Talkin’ ‘bout regeneration..
The Who to tour and record new material
THE Who are getting ready for what could be singer Roger Daltrey’s last tour and working on their first studio album in a more than a decade.
The rockers are starting a string of UK and US dates for promoter Live Nation in May, while the as-yet untitled new album is due to come out later this year.
Daltrey, 74, said: “This will possibly be my last tour. I have to be realistic that this is the age I am and voices start to go after a while. I don’t want to be not as good as I was two years ago.”
Guitarist Pete Townshend,
73, refused to commit to the tour to celebrate the band’s
55th anniversary unless they recorded new material.
He said: “This has nothing to do with wanting a hit album [or] the fact The Who need a new album. It’s purely personal. It’s about my pride, my sense of self-worth and self-dignity as a writer.” The LP will be the band’s first since 2006’s Endless Wire. Townshend said he has already sketched out 15 new songs including “dark ballads, heavy rock and cliched Who-ish tunes that began with a guitar that goes yanga-dang”.
But Daltrey is yet to contribute. The pair have not spoken for a year and communicate through their management. Daltrey said: “There’s at least five or six [songs] I can lay into and I’m sure they’ll come out incredible.”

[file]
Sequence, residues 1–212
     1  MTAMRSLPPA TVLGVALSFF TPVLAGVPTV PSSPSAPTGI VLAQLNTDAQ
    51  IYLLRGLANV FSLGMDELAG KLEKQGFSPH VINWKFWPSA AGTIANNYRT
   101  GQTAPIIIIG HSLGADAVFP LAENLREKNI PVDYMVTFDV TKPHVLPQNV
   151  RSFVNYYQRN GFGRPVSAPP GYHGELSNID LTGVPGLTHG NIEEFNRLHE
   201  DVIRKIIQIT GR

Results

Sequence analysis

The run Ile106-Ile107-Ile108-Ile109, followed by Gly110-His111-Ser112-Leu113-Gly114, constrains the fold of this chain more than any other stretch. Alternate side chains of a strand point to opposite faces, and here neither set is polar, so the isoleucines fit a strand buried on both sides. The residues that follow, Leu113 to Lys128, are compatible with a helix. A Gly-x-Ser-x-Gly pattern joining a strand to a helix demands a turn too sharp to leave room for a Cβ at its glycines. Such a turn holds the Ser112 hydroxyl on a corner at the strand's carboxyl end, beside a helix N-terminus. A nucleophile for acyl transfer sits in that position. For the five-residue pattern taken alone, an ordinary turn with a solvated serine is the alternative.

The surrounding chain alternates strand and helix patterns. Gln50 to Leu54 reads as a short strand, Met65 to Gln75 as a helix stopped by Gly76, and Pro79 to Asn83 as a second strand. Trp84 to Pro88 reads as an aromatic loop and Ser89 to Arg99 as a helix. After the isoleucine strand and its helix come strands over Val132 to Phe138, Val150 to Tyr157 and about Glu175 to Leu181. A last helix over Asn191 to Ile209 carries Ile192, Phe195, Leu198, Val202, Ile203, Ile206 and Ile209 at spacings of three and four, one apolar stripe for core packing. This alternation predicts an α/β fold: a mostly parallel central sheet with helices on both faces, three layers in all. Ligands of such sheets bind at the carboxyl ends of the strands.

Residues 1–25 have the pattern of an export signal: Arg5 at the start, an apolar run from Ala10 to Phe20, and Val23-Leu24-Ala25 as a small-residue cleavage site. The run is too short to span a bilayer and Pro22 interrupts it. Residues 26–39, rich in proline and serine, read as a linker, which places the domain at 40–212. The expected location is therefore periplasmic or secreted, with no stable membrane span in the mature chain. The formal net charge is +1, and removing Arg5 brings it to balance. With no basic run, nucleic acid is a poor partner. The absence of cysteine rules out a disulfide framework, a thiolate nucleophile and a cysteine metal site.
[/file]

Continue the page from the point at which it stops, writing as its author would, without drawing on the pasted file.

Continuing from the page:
DOCTORS voting on whether they would support a change in the law so they could help a terminally ill patient die reflects a growing public mood.
More and more people support giving the terminally ill the legal right to have a dignified death when the time comes.
Life support machines are switched off in hospitals every week all over the country with the consent of families.
They do not face prosecution like those who help loved ones travel to the Dignitas clinic in Switzerland to die.
It would be foolish to dismiss the concerns of those who, for religious or practical reasons, oppose assisted dying.
And there is a clear need for strong safeguards to prevent criminals killing relatives to gain their possessions.
But many doctors recognise that treating someone so that they live against their will, often in pain and without dignity, is hurting, not helping, patients.
PLAN Daltrey & Townshend